Rex may not have Rin Tin Tin's star power, and Mike Dowling won't jeopardize Tim O'Brien's literary accolades, but between them they give readers a first-rate buddy story from the front lines of the Iraq war.

Joining the Marine Corps at 22, Dowling quickly aspired to qualify as a military working dog handler. He and Rex tenaciously trained to become one of the first K9 teams deployed to Iraq. Their job was to be the first to enter a road or town, searching for deadly bombs before the rest of the troops moved in, and he shares their suspenseful searches for explosives and bomb-making supplies hidden near Mahmoudiyah, their 24/7 togetherness and stories of Rex's loyalty and skills. Mike anthropomorphizes Rex, and their "conversations" become credible. "Seek seek seek," Mike whispers; Rex freezes momentarily: "Wait a second; I think I got something!"

Sergeant Rex's first-person accounts of deployment--the heat and dust of the Triangle of Death south of Baghdad (Rex required gallons of water for each mission, to drink and to be poured over his heavy fur), the vigilance against insurgents and the alternate boredom and action of a war zone--read like a letter home. Dowling writes to honor his canine partner and his comrades, and offers a quick-paced, realistic and poignant glimpse of the lives of a U.S. Marine and his dog (and an epilogue providing details of their post-deployment years reassures readers that they made it home safe). --Cheryl Krocker McKeon, bookseller

Discover: A first-person (and first-dog) buddy story about a bomb-searching Marine K-9 team in Iraq.

Atria, $26, hardcover, 9781451635966

Travel Literature

Tune in Tokyo: The Gaijin Diaries

by Tim Anderson


"Why would a college graduate with such impeccable credentials such as a BA in English, diabetes, credit card debt, and a fierce and unstoppable homosexuality leave the boundless opportunities available to him in the USA (temping, waiting tables, getting shot at by high school students) for a tiny, overcrowded island heaving with clever, sensibly proportioned people who make him look fat?"

The travel genre is bloated with books clamoring to answer variations on that question, and they usually have to do with romance, redemption and the quest for personal growth through encounters with another culture. Tune in Tokyo: The Gaijin Diaries, Tim Anderson's account of the two years he taught English in Japan, stands out among such stories because his stint abroad has very little to do with personal growth--focusing instead on funny stories about classroom mishaps, bad roommates and chemically enhanced adventures in Tokyo nightclubs. If you're looking for insight into Japanese culture, this is likely not the book for you.

But it's so much fun. Anderson refuses to take himself too seriously, and he's unafraid to let his status as a gaijin (outsider) who "doesn't speak a lick of Japanese" get in the way of seeking out experiences that make great stories, like joining an all-Japanese rock band on the viola. He also puts his wit to work in commentary on Japanese pop culture (like the national obsession with characters from "the Hello Kitty School of Aggressive Cuteness"), gay manga comics and the mysteriously ubiquitous pairing of dorky white guys and super-hot Japanese women. Anderson moved to Tokyo to have a good time. His Gaijin Diaries are your invitation to the party. --Hannah Calkins, blogger at Unpunished Vice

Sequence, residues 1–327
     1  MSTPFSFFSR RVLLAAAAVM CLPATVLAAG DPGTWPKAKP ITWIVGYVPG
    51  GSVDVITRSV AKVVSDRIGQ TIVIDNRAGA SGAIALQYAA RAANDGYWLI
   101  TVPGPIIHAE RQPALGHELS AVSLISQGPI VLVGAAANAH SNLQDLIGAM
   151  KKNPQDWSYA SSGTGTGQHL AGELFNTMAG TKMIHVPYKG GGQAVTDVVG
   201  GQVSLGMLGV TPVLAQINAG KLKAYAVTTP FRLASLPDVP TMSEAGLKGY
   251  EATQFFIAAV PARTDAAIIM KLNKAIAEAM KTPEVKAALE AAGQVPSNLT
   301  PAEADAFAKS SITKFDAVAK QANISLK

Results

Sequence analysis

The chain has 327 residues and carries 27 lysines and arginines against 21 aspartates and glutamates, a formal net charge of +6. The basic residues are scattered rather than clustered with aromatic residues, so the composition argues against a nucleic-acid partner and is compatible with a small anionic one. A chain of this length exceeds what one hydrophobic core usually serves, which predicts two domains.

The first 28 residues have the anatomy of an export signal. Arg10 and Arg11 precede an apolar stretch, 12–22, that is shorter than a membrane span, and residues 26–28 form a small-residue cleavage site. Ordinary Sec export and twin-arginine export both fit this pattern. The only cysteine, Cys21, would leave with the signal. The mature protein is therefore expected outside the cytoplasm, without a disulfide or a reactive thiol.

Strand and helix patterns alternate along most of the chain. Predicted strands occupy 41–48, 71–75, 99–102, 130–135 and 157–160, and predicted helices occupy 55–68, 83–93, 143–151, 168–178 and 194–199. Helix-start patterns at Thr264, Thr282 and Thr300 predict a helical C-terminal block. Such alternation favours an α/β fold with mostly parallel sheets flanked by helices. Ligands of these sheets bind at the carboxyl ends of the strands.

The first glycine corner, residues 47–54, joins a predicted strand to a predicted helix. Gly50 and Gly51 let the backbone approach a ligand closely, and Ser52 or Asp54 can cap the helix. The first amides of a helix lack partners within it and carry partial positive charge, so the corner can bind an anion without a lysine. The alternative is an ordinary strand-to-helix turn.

Discover: A tall, Southern gay man teaching English in Tokyo delivers the antidote to shelves-full of earnest travel memoirs.

AmazonEncore, $14.95, trade paper, 9781612181318

Children's & Young Adult

Red Sled

by Lita Judge


If the goal in The Mitten is to fit as many creatures as possible inside, the mission of Red Sled is to pile as many creatures as possible on top!

The sounds of crunching snow ("scrinch scrunch scrinch scrunch...."), the utterance of discovery ("Hrmmm?") and the screams of a thrill ride ("Rooooeeeeoeoee") provide the sole accompaniment to Lita Judge's (One Thousand Tracings) story told in pictures. A red sled leans against a snow-covered cabin with a light in the window and a wisp of smoke from the chimney. A bear finds the sled ("Hrmmm?") and tucks it under its paw. A rabbit peeks at the bear from the bottom of the page, and in the next illustration, bear and rabbit glide downhill in a thrill ride. Other animal onlookers join in, and Judge plays with size and color contrast to heighten the comedy. At one point, a moose balances the bear on its antlers while protecting the rabbit between its hoofed legs, and the larger animals' brown fur pops against the full moon. In another funny scene, a porcupine grabs two points on the moose's antlers, and its quills give the appearance of a person's hair standing on end. Bear and rabbit kindly return the red sled to its rightful owner (a red-capped child who, up to now, has been glimpsed only on the opening pages). A closing shot shows that not only is it nice to share, it's also a whole lot more fun. Like the red sled's riders, young readers will be pleading, "Again!" --Jennifer M. Brown, children's editor, Shelf Awareness

Discover: An exuberant foray into the snow with a “borrowed” red sled and a host of forest creatures with a need for speed.

Atheneum, $16.99, hardcover, 40p., ages 2-5, 9781442420076

Above New York

by Robert Cameron and Nina Gruener, photos by Robert Cameron


Robert Cameron (1911-2009) was a passionate photographer known for his gymnastic contortions out of helicopters to get the best panoramic shots of American cities. Here his granddaughter Nina Gruener offers clever captions aimed at young readers to accompany her grandfather's magnificent views of the five boroughs.